Whether your period is like clockwork or a little irregular, menstruation is unique for everyone. Discover the 4 menstrual cycle phases and how to manage them.
Although your period is unique to you, there are 4 notable phases in the menstrual cycle. Read on for the lowdown on everything from when you’re least likely to fall pregnant to the luteal phase (the lu-what? don’t worry, we’ll get there). We’re here to explain the menstrual cycle, tips for tracking each phase and some diet suggestions to help you manage.
Before we dive into the 4 phases, let’s make sure you understand the menstrual cycle in general. The menstrual cycle is a recurring process that happens in a woman's body each month. It involves various hormonal changes, preparing the body for a potential pregnancy.
The cycle begins on the first day of your period when the uterus sheds its lining, leading to bleeding. As the cycle progresses, follicle-stimulating hormone (FSH) and luteinizing hormone (LH) help produce a mature egg in the ovaries, which eventually gets released during ovulation.
If pregnancy doesn't occur, the cycle restarts and the uterus prepares for the next period. There are 4 stages of the menstrual cycle, each with different symptoms. Understanding your menstrual cycle is essential for tracking fertility and caring for your reproductive system and overall health.
The menstrual cycle is a fascinating journey that unfolds in four distinct phases over approximately 28 days. Each phase has its own unique characteristics and hormonal shifts that play a crucial role in fertility and your overall well-being.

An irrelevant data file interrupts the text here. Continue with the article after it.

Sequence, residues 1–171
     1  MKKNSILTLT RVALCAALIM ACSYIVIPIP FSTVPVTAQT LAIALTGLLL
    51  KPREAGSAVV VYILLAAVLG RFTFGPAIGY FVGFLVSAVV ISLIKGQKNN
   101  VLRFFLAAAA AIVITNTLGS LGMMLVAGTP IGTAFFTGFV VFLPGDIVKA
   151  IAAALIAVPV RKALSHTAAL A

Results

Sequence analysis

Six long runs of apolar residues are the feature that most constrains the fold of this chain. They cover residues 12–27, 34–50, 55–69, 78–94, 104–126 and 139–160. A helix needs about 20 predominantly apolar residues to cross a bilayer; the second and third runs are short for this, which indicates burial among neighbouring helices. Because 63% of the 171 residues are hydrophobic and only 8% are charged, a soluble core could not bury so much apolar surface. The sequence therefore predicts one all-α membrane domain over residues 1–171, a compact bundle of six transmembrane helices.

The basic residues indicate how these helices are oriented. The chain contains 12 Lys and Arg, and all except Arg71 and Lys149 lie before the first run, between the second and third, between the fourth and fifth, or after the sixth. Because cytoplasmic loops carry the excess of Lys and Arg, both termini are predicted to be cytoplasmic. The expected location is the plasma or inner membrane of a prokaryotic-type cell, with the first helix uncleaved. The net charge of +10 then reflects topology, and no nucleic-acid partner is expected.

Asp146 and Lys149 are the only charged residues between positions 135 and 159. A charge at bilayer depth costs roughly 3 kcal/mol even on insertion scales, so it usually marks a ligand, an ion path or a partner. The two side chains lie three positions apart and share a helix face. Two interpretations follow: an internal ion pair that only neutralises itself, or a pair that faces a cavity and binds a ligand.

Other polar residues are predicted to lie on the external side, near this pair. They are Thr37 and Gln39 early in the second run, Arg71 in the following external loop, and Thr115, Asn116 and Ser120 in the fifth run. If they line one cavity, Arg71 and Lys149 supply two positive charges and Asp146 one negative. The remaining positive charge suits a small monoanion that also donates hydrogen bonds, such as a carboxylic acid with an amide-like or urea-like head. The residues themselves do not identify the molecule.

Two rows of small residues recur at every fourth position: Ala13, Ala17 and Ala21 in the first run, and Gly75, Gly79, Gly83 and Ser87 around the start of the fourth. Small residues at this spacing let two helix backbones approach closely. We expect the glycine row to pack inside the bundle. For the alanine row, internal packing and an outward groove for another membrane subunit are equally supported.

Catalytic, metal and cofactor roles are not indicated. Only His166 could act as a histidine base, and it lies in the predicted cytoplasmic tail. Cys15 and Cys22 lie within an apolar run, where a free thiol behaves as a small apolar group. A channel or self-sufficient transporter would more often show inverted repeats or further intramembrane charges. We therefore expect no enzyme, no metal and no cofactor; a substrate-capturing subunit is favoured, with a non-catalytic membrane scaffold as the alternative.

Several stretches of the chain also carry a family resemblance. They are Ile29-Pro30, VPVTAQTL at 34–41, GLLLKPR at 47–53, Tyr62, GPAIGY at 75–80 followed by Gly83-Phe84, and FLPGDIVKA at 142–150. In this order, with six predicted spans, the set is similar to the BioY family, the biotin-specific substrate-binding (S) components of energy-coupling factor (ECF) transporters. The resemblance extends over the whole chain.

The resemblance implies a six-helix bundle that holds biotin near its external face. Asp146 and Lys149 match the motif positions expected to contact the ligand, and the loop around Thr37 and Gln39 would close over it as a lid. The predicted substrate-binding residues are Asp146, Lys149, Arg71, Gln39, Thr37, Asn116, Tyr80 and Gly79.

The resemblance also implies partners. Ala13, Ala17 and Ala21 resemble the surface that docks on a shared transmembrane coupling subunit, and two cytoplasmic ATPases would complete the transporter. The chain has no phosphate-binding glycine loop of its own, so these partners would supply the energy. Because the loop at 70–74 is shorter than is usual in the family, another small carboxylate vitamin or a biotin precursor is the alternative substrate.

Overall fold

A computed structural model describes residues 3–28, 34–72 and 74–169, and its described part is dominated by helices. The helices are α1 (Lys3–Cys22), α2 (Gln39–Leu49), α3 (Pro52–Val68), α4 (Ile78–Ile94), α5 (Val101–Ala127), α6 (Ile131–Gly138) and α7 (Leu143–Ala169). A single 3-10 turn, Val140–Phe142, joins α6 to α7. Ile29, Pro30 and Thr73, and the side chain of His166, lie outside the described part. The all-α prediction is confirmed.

Let’s dive into the complexities of these phases, helping you gain a deeper understanding of your body's natural rhythm. Here are the 4 phases of the menstrual cycle in order.
Day 1 marks the start of your period. It’s when your uterus releases a mixture of blood, tissue and nutrients out of your body. This menstrual fluid can vary in colour and texture. Although you may feel like there’s a lot of blood, in reality, you'll only lose between 10ml to 80ml. The menstrual flow usually lasts between 2 to 5 days, but it could be up to 10 days long. During this phase, menstruators typically use pads and tampons to manage their flow.
The majority of blood loss occurs during the first two days and some people experience menstrual cramps, breast tenderness, bloating, back pain and leg aches too. If you often have severe period pain, you may be experiencing (menorrhagia) heavy periods or in some cases Polycystic Ovary Syndrome (PCOS) — an ovarian syndrome where you have long or irregular periods.
Oestrogen levels increase at this stage and your ovaries prepare to release an ovum or egg. Your body also prepares for a possible pregnancy so the uterine lining starts to develop and thicken. The follicular phase is the most unpredictable part of your menstrual cycle and it’s the reason why your cycle can be longer or shorter than the 28 days we often hear about.
About halfway through your menstrual cycle, one of your ovaries releases an ovum, which journeys down your fallopian tube. This is where fertilisation would take place if the ovum were to come into contact with sperm.
Speaking of sperm, if you’d like to avoid falling pregnant or are trying to conceive, it’s good to know that sperm has a small window of around 48 hours to fertilise the ovum before it is absorbed into the body. The 6 days leading up to ovulation and the 2 days after this event are when you’re most fertile.
Since this is the fertile phase of your menstrual cycle, you could become pregnant if you are having penetrative vaginal sex and don’t use birth control.